Modes will help you stay in key tho. You can play C Then D E&F G A B&C. all in the same key of whatever progression your playing.
#15
Quote by metalmetalhead
I like the fact that, If you know 1 You have the information to figure out the rest.
So just using them as a learning tool is very helpful.

Knowing the formula is vital to this exsersize. also learning the individual note names is important as well.

It takes time like anything else. But this will help someone to play over the entire fretboard.

The ear is most important.

Ahhh yes learn key signature possibly one of the most important things ever....Not.

Your already using modes as more of scales anyway..

If you play in D dorian. your probably in C major or A minor. depends on the progression..But just because you move from where you were doesn't mean its modal.

Modes will help you stay in key tho. You can play C Then D E&F G A B&C. all in the same key of whatever progression your playing
.

You are referring to scale shapes as modes, right?

Because that really has nothing to do with modal music or modes.

If you play the D dorian scale, you aren't in C major or A minor because if you were in C major, the scale would be called C major (in A minor the scale would be called A minor).
Quote by AlanHB
Just remember that there are no boring scales, just boring players.

Gear

Bach Stradivarius 37G
Charvel So Cal
Fender Dimension Bass
Hartke HyDrive 210c
Ibanez BL70
Laney VC30
Tokai TB48
Yamaha FG720S-12
Yamaha P115
#16
In music theory today, modes don't serve the a harmonic purpose, really. It's mostly a clerical way of naming sets of notes. For instance, instead of saying "This is a G major scale that resolves to C" you can just say "This is in C Lydian". So, for the most part, scales are a being of academia.
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#17
Quote by metalmetalhead
I like the fact that, If you know 1 You have the information to figure out the rest.
So just using them as a learning tool is very helpful.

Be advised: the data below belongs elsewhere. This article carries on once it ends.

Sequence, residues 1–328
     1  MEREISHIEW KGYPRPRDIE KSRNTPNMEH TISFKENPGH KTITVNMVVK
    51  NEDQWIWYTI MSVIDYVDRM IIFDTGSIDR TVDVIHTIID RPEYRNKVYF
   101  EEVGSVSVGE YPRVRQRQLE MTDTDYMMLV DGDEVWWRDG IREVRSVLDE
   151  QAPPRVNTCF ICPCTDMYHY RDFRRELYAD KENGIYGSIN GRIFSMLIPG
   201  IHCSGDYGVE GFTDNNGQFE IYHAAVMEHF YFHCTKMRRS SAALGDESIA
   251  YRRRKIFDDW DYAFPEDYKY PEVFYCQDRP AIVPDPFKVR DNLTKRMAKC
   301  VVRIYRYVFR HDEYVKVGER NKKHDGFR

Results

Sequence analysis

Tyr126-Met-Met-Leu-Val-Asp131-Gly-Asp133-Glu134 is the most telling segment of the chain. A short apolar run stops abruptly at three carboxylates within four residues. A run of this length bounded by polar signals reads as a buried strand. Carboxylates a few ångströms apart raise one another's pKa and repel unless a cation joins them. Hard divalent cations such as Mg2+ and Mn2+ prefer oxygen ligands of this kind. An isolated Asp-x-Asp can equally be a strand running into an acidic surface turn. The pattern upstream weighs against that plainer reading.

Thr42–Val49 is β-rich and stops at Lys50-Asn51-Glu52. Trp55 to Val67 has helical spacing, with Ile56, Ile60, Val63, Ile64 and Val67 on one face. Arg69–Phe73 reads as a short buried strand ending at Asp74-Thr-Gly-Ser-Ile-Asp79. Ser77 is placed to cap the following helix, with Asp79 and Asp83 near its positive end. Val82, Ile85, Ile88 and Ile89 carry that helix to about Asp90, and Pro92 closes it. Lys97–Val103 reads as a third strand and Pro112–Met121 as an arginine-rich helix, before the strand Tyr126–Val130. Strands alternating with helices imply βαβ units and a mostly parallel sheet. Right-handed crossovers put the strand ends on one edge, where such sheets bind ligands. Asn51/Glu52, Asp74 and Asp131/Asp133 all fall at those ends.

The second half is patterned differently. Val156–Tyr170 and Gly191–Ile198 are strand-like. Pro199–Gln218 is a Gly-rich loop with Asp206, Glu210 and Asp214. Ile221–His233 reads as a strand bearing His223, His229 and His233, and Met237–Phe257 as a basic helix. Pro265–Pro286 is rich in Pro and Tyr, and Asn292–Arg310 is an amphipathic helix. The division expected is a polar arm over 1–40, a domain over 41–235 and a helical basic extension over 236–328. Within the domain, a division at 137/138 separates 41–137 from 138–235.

Knowing the formula is vital to this exsersize. also learning the individual note names is important as well.

It takes time like anything else. But this will help someone to play over the entire fretboard.

The ear is most important.

Ahhh yes learn key signature possibly one of the most important things ever....Not.

Your already using modes as more of scales anyway..

If you play in D dorian. your probably in C major or A minor. depends on the progression..But just because you move from where you were doesn't mean its modal.

Modes will help you stay in key tho. You can play C Then D E&F G A B&C. all in the same key of whatever progression your playing.

just fyi the word "you're" also exists

it's pretty useful as well
#18
If you take a Cmaj7 chord you will find it contains these notes:
CEGB
if you take an Emin chord youll find it contains these notes:
EGB
So in essence you could just learn how to play Cmaj7 and then just play it and omit the C in the root to get an Eminor right?
Yes you can.
But you would be kinda silly not to learn how to play Emin in its own right wouldn't you?
Same goes for modes.
All chords have a function within a key, and so do modes.
Learn as much as you can. It always opens new creative possibilities.
Last edited by BoogieShinbones at May 26, 2013,
#19
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just fyi the word "you're" also exists

it's pretty useful as well


It's the difference between knowing your shit, and knowing you're shit.